I took IDIRA myself in the Fall and as it happened, two of my classmates were avid commercial wargamers. Mark, an Army officer, Shane, an Air Force officer, and I had many discussions on how we might devise a wargame to replace my first effort. A couple of months after we graduated from IDIRA, Mark presented Shane and I with a game of his own devising which, if a little clunky, was of the scale we needed and was quite workable for student use. Over the next couple of years, I codified the rules and came up with lookup tables that allowed us to adjudicate combat in a realistic way without resorting to the use of a random number generator (dice). The students were always suspicious of dice, believing that the element of randomness made the exercise less realistic. In point of fact, it made combat more realistic by taking out a measure of easy predictability, but if it helped them to buy-in, so be it.

Over time, our game successfully got across to the students the lessons we wanted to impart and proved quite popular, always scoring as one of the best IDIRA blocks in the students’ critiques. I still have a stack of critiques in which every student in the class gave us a perfect score.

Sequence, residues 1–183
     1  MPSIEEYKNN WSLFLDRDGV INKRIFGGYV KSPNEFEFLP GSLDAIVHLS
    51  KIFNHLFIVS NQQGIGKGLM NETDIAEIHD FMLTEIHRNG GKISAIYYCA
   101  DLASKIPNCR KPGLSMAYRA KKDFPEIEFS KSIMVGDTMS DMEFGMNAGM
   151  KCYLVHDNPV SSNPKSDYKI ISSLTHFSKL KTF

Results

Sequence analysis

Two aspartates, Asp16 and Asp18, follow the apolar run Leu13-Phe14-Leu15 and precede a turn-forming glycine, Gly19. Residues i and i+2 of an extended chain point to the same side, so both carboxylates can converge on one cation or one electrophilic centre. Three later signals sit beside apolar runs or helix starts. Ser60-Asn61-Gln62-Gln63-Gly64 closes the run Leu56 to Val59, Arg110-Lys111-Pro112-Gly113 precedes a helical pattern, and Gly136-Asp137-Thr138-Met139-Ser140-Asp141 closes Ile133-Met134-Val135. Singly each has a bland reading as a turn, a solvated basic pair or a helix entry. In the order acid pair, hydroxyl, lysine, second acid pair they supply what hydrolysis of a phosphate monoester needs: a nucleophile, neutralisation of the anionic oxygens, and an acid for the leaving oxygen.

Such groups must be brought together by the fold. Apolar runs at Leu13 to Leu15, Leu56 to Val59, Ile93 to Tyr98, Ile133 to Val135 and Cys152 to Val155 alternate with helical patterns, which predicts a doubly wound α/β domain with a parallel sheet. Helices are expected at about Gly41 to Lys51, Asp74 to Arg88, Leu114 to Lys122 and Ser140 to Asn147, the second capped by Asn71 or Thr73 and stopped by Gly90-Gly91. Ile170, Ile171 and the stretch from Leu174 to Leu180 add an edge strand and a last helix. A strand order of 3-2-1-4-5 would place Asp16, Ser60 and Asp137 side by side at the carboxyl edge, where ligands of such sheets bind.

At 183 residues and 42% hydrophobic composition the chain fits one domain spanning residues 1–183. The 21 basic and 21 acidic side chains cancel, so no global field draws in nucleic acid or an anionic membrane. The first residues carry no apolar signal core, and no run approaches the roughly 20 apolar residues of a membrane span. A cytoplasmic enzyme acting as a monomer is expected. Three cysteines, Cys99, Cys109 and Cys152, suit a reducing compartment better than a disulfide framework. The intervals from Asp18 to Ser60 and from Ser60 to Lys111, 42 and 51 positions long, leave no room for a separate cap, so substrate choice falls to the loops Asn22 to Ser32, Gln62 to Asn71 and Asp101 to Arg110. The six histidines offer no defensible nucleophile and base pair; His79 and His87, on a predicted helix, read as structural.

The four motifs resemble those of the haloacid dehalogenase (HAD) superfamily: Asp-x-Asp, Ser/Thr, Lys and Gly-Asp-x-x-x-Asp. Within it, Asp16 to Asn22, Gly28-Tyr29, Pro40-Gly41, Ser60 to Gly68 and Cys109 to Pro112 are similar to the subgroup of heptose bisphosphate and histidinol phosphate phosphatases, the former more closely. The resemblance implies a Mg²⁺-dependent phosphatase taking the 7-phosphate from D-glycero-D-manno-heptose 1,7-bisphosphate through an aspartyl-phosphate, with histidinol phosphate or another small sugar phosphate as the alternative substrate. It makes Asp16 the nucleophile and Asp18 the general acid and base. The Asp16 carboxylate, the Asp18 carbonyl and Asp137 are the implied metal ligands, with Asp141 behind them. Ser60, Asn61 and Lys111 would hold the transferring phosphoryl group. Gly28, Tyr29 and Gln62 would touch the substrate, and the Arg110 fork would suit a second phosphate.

Meanwhile, the Navy team was not far behind us in developing their own game.  Chris, a Navy officer and another friend of mine, taught the students to play an off-the-shelf naval wargame that he had codesigned. Again, the students absorbed what they were intended to learn and had fun doing it. And while we’re on the subject, I think fun is highly underrated. Over the years of my experience in using instructional wargames, the more “fun” the students had, the better they learned the lessons we were trying to get across. The students, with few exceptions, were usually highly competitive and could be counted on to delve into the games, enhancing the learning experience.

IDIRA never had a wargame for the ground forces block, other than the rather good logistics exercise, and Chris and I began to conspire to put together a wargame that would teach combined-arms warfare at the operational level. We would include air, naval and ground forces elements in the game and illustrate for the students how these warfare disciplines worked together to prosecute a campaign. There was only one choice for a historical campaign that I believed was small and sufficiently self-contained to be appropriate for our purposes: the 1982 Falklands War between Argentina and the UK.